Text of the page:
New viruses named after Norse gods could have fueled the rise of complex life

Scientists have discovered the “fingerprints” of mysterious viruses hidden in an ancient group of microbes that may have helped fuel the rise of all complex life on Earth: from fungi to plants to humans.

These microbes – known as Asgard archaea after the home of the gods in Norse mythology – hide in icy sediments at the bottom of the ocean and in boiling hot springs, and existed on Earth before the first eukaryotic cells, which carry their DNA inside a nucleus. By infecting the archaea of ​​Asgard, virus may have influenced how these life forms first appeared, and may even have given rise to some of the earliest precursors to the nucleus, some scientists hypothesize (opens in a new tab). But until now, no virus infecting Asgard had been discovered.

Now, in a trio of studies published Monday (June 27) in the journal Nature Microbiology, scientists have identified a slew of viruses that can infect ancient archaea.

“These are the first studies of archaeal viruses from Asgard; nothing was known before,” said Susanne Erdmann, group leader of the Archaean Virology Research Group at the Max Planck Institute for Marine Microbiology in Bremen. , in Germany, who did not participate in the studies. . In the future, this line of research could reveal if and how viruses were involved in the emergence of eukaryotic cells on Earth, Erdmann told Live Science in an email.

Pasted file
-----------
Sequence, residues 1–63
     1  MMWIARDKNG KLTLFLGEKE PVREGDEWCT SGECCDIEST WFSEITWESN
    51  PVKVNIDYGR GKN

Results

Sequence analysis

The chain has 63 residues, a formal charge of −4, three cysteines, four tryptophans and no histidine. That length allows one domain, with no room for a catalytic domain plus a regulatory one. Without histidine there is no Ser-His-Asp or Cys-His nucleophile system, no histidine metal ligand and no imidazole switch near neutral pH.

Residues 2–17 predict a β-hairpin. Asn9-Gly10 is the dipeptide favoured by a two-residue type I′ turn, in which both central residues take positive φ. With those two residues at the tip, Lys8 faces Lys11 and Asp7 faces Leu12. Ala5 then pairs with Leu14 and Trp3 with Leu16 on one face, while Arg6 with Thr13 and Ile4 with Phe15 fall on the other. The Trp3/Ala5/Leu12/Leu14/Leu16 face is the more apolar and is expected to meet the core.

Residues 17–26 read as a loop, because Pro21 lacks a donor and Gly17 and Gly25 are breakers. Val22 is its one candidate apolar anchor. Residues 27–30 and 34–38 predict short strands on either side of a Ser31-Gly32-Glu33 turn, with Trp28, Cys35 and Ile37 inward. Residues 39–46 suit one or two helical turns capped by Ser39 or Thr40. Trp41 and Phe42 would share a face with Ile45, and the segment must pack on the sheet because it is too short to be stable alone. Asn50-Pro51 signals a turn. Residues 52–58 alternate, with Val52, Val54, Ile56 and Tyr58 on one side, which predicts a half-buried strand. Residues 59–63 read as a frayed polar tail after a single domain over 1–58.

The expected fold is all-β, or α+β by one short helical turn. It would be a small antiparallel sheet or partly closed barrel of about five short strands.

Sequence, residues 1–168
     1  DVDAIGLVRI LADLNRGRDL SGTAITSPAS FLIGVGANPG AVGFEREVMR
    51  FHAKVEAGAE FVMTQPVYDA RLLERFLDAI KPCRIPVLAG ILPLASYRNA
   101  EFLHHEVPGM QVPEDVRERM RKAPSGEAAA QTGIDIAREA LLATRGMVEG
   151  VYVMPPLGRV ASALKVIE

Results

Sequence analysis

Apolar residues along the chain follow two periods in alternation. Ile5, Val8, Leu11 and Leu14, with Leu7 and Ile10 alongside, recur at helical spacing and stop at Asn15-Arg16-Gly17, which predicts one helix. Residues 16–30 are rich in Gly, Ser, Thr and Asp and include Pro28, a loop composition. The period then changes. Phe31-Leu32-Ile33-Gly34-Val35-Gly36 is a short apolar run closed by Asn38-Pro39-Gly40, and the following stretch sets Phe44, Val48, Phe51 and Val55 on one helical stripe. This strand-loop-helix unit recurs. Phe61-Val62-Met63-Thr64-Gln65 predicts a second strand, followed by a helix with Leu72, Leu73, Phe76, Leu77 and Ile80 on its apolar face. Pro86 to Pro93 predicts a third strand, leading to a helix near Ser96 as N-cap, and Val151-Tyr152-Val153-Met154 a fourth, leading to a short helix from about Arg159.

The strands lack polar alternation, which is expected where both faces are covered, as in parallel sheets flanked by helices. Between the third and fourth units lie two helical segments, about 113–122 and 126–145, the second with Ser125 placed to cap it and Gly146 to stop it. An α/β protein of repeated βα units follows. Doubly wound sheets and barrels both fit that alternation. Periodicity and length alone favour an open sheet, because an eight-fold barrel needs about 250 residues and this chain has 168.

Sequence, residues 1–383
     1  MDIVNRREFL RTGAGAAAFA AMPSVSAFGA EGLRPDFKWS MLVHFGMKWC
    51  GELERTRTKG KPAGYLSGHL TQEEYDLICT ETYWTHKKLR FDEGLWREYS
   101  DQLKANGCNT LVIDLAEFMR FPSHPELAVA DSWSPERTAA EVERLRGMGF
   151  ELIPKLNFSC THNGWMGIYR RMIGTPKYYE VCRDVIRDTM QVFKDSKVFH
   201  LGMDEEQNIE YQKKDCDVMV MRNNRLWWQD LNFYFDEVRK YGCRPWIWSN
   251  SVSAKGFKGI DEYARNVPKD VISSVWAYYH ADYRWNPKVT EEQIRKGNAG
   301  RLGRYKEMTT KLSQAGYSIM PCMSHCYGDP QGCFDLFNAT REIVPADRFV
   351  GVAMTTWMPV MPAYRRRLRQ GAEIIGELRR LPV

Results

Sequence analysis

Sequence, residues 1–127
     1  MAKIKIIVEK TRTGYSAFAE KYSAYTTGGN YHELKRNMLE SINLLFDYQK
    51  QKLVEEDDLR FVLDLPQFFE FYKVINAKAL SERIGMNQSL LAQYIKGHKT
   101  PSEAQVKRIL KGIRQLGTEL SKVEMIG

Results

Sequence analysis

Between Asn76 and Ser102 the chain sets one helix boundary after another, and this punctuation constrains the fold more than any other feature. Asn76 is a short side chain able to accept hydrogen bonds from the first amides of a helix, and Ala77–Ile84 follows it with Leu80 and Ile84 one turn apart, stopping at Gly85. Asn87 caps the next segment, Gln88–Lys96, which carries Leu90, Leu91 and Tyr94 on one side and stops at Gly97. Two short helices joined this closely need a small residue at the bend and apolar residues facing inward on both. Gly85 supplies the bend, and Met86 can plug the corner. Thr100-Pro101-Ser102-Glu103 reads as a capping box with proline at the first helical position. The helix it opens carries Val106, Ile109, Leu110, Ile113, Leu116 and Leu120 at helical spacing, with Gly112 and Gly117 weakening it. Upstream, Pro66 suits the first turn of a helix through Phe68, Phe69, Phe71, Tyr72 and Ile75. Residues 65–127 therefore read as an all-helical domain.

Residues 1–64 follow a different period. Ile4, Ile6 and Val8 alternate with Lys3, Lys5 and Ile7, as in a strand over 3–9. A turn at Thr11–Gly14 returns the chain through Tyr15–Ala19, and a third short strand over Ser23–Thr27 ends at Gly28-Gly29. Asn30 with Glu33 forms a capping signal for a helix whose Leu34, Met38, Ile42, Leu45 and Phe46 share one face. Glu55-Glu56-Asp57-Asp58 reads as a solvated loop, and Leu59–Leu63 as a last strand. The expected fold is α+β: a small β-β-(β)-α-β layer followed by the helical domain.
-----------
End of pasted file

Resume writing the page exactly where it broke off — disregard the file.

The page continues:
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Dusting for viral “fingerprints”

In the new research, scientists searched for evidence of viral infection embedded in the DNA of Asgard’s archaea. This embedded evidence comes in the form of short snippets of viral DNA, called “CRISPR spacers.”

Most people who hear the term CRISPR think of famous gene editing tool that allows scientists to easily manipulate genetic sequences, said Ian Rambo, a former doctoral candidate at the University of Texas at the Austin Marine Science Institute and first author of one of the Natural microbiology (opens in a new tab) studies. However, this gene-editing tool was originally adapted from the natural defense mechanisms of bacteria and archaea, he told Live Science.